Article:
Monday, February 25, 2008

Mother Guilt (part 984 of 2,938,218)

As I have made clear in previous posts, I do not like staying at home with small children. I cannot handle hour after hour of rolling a ball, meandering at .00002 miles per hour down the sidewalk, or reading the same 5-page book for the eight thousandth time that afternoon. It makes me sad in my brain. I get sluggish, lazy, depressed. I have no patience with my children, I call Paul and yell and cry for no reason, I eat too much, I can't seem to figure out how to make it to the gym or take out the garbage. In other words, I kinda stop functioning. So it's no surprise that I do not like staying at home with small children all day every day. In a way, going back to work is simply the obvious choice, as I cannot tolerate the alternative. Plus, I love working. I love having a job that challenges me, gets my brain revved up, puts to use the 28 years of education I endured. I truly enjoy working.

Which may have you wondering, what's my point? If it's so obvious that I should be working and not staying at home, why am I bothering to write about it....again? After all, most mothers out there still work, I'm hardly out in left field.

My answer is, I'm writing about it again because it's not a simply either/or decision. What I dislike most about having children is that there are so few decisions that feel best for me and best for my children. Whether it's our choice of vacation spots, Paul's and my need to get away and be alone together for a few days, or even getting the optimal 30 minutes of exercise every day while still achieving the best-practice 8 hours of sleep every night, the decision that is best for me is so often not what's best for my children. And that is no more obvious than when I'm trying to think through work-home balance.

Now, I'm not saying that mothers working outside the home is bad for children. I don't think it is, especially not when we're talking long-term effects. But in the short-term, well, my kids want me home with them. Eliana wants me taking her to preschool and picking her up, she wants me to take my turn reading a story to her class in the middle of the day or chaperoning a field trip. Meron's wants are somewhat more straightforward: she wants to be touching me every minute during which she is awake. And I can do none of these to their satisfaction while I'm working full-time. Sure, I can drop Eliana off once a week or so, and I can probably manage to chaperone a field trip before the year is up, but it's not as much as the "other mothers" are able to do (all of Eliana's classmates save one other mother work at home). And I don't have a prayer when it comes to satisfying Meron's desire for all Mama all the time. So I usually go to work feeling like I'm failing my children, and go to bed feeling like they did not get enough time with me.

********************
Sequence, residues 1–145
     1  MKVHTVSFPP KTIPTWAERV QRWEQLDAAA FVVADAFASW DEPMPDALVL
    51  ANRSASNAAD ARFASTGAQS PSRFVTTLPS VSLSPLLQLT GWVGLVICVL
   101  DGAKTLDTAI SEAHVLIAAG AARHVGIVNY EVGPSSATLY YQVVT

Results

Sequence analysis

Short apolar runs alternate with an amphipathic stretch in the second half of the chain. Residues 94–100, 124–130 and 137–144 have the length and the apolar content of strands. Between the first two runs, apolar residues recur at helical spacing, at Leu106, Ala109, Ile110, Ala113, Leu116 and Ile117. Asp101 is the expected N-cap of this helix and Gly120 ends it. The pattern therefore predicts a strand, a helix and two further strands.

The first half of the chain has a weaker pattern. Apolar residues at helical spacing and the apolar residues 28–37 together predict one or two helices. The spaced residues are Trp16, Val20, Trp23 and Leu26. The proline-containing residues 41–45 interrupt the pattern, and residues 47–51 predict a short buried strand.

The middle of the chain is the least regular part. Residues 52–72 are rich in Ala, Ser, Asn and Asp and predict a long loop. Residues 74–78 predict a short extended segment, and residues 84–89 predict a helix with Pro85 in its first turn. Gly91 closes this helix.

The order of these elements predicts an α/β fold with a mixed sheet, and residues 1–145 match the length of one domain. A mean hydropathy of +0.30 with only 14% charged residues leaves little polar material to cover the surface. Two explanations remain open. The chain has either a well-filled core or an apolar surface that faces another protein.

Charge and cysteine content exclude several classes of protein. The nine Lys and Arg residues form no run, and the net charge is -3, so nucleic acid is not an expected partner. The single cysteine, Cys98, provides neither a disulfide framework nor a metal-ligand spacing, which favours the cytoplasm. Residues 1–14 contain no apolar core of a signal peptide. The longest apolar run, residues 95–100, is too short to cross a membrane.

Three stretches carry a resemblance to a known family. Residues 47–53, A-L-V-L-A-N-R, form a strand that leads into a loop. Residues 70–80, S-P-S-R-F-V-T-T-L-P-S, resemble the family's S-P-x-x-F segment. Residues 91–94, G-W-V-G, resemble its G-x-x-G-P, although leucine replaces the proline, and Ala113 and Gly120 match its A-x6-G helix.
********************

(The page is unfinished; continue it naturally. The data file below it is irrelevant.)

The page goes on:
Working part-time is clearly the ideal solution. I have figured out that much, in case you were wondering if my brain was incapable of finding a happy medium. But quite honestly, that is easier said than done. It's a lot easier to do, for example, if you have a few years built up at a job, where you've made yourself indispensable enough that they're willing to let you pull back if it means you'll stick around. But I'm still very much in the early stages of my career. Even when I was planning to go into private practice, the person I was going to going into business with was pushing back on me a bit when I said I wanted to work only 20 hours per week. Not to mention that when you're working part-time in an office or business where most everyone is working full-time, the dynamics can get a bit weird. Not only that, but it becomes all too easy for your 20 hours a week to start looking more like 30 hours per week, plus another 10 that you end up doing from home, because everyone else is still working and so you find yourself getting asked to do something on your one day a week you have blocked off. So unless your part-time job involves working for yourself, it's not always as straightforward as negotiating a cut in hours.

And there's another reason I hesitate to go part-time: I want a career, not just a job. I want to commit myself to a career path and really invest myself in it, become really good at what I do. Working part-time makes that all the more difficult. I mean, really, how much meaningul work can you do in 20 hours? The answer, in case you're wondering, is not much. Or at least, not as much as I want to do.

So there you have it. Two parts of me that are quite large, quite noisy, and fighting for dominance: The part of me that wants to be with my children, wants to sacrifice my sanity a bit if it means they are happier, and the part of me that wants so badly to have a career to be proud of, a career that I can look back on and say, "I did that! Me and my brain and my hard work!!!"

Hopefully some day soon I will figure this all out. Until then, I guess just being aware that those two parts of me exist will have to suffice. In the end, I hope my children grow up to understand that no matter what they think of my choices, I love them very much. And i hope that for myself, I will look back on the choices I made and feel at least mostly good about them.

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